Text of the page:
Francis Ford Coppola doesn’t really make movies these days, but in 1992, he was still very much in the Hollywood mix. The director of Apocalypse Now and the Godfather trilogy had ventured out of drama before (with films like the comedy Peggy Sue Got Married, and, lest we forget, Michael Jackson’s Captain EO), but never so boldly as with Bram Stoker’s Dracula, a lavish interpretation of the gothic horror classic. The film won well-deserved Oscars for its make-up and costumes, and it’s still a gorgeous example of what happens when an A-lister dips into a genre outside of what they’re usually known for, with A-list resources to back him up. In front of the camera, Gary Oldman and Anthony Hopkins—as the title vampire and his nemesis, Van Helsing—allow just enough camp to creep into their heavily-accented performances. On the other hand, a Point Break-era Keanu Reeves is distractingly miscast as Jonathan Harker. It’s best just to think of him as comic relief.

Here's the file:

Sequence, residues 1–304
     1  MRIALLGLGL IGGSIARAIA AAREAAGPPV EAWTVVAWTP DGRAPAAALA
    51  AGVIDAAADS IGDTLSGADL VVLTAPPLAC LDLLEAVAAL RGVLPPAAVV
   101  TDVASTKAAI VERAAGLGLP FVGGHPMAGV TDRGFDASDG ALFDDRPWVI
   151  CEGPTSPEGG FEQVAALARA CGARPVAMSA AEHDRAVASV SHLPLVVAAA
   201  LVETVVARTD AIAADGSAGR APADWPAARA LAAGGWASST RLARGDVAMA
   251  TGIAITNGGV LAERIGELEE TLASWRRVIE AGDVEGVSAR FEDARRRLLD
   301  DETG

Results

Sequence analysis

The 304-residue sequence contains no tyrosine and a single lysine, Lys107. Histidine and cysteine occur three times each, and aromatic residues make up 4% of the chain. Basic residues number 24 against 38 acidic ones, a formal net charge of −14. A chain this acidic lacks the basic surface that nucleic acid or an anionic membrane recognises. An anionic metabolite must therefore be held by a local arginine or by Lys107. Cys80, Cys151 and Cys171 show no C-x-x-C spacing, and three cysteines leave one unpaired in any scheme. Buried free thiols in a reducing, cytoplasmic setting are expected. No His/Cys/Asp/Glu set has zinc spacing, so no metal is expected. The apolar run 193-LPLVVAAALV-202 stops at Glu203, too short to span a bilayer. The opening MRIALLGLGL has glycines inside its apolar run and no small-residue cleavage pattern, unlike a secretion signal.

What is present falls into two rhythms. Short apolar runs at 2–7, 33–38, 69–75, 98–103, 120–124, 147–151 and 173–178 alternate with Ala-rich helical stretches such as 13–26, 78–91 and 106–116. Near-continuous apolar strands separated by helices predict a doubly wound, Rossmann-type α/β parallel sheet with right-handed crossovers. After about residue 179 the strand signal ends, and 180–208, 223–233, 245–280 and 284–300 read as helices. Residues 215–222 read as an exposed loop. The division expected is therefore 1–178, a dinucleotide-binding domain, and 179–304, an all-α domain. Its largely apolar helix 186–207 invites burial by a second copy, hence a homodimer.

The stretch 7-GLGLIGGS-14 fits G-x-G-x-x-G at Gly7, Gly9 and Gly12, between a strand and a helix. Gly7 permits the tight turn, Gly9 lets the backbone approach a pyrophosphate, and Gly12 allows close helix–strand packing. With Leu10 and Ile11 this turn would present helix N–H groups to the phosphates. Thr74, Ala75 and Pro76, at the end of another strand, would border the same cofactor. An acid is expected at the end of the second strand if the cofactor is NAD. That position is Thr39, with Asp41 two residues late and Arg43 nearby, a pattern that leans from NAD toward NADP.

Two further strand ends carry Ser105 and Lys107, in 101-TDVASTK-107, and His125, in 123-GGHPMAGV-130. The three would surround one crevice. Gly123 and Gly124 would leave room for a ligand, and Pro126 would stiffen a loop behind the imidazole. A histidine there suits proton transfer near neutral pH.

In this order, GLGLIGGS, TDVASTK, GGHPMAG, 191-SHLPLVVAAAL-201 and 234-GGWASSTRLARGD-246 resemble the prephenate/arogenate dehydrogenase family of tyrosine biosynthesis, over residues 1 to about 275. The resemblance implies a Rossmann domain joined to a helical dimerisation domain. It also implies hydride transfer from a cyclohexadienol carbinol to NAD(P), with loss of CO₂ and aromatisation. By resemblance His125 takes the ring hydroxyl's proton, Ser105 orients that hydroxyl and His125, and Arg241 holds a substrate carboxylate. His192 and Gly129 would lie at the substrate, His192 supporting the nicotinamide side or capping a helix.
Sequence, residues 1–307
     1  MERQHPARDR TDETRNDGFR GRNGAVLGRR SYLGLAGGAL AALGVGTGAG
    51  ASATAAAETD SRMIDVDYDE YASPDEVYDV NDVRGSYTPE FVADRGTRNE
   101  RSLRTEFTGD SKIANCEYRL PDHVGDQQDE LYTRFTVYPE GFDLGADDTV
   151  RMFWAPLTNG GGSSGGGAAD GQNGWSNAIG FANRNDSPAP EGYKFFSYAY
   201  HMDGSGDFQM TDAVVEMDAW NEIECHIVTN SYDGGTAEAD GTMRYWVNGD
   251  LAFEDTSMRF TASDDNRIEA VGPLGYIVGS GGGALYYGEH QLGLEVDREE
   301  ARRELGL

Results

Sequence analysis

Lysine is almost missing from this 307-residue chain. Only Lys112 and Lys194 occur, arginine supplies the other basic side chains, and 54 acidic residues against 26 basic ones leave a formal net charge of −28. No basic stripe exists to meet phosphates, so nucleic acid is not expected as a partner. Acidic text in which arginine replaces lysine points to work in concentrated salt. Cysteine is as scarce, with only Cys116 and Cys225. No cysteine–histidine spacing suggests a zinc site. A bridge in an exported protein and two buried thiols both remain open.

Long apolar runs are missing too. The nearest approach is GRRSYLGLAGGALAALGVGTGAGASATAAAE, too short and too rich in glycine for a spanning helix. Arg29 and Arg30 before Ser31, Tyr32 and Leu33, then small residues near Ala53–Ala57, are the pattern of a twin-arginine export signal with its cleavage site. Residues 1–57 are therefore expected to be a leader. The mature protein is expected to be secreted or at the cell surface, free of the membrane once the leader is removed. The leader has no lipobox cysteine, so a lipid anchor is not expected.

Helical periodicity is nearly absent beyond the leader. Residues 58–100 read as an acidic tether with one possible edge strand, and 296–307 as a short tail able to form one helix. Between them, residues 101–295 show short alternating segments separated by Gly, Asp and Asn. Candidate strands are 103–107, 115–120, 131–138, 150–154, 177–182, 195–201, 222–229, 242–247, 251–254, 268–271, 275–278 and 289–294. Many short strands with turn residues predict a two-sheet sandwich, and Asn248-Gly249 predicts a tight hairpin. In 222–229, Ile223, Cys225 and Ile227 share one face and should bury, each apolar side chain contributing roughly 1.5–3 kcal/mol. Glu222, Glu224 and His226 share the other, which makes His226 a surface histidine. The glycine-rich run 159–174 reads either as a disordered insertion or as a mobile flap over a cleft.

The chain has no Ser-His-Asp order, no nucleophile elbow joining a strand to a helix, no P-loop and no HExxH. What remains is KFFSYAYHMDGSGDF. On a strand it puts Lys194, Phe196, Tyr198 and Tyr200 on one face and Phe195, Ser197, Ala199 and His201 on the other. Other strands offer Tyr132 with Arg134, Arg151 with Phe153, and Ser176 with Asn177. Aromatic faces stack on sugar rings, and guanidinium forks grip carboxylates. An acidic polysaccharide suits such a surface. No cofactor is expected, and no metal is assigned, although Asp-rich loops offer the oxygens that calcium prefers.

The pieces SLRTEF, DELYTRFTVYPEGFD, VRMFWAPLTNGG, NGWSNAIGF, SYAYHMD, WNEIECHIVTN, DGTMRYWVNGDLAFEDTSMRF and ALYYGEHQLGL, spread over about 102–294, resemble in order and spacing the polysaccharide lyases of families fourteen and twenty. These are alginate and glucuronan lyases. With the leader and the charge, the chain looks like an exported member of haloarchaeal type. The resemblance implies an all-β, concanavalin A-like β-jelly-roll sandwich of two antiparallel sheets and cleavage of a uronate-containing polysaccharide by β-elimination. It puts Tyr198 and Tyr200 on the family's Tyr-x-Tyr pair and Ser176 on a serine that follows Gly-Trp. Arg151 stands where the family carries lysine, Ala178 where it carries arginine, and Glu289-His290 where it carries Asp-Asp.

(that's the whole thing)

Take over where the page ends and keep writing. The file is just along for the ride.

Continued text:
Jonathan Glazer was best-known as a music video and commercial director before he started making features, but his 2000 debut Sexy Beast brought him big-screen acclaim. He followed the crime thriller with Birth, a drama about a maybe-but-not reincarnation that didn’t meet with as much success. But his most recent film, Under the Skin, took a somewhat familiar jumping-off point—alien comes to Earth, assumes an attractive form, and starts consuming victims—and made it into one of the most visually innovative scifi films in recent years. Some scenes were filmed using hidden cameras, making the interactions between an in-character Scarlett Johansson and random strangers almost documentary-like. On the other hand, the scenes where the alien devours her prey are totally stylized, backed by an eerie experimental score by Mica Levi. But like Johansson’s otherworldly hunter, Under the Skin is more than just its carefully-constructed surface. It’s also deeply thoughtful, offering a raw, often uncomfortable examination of humankind at its best and worst.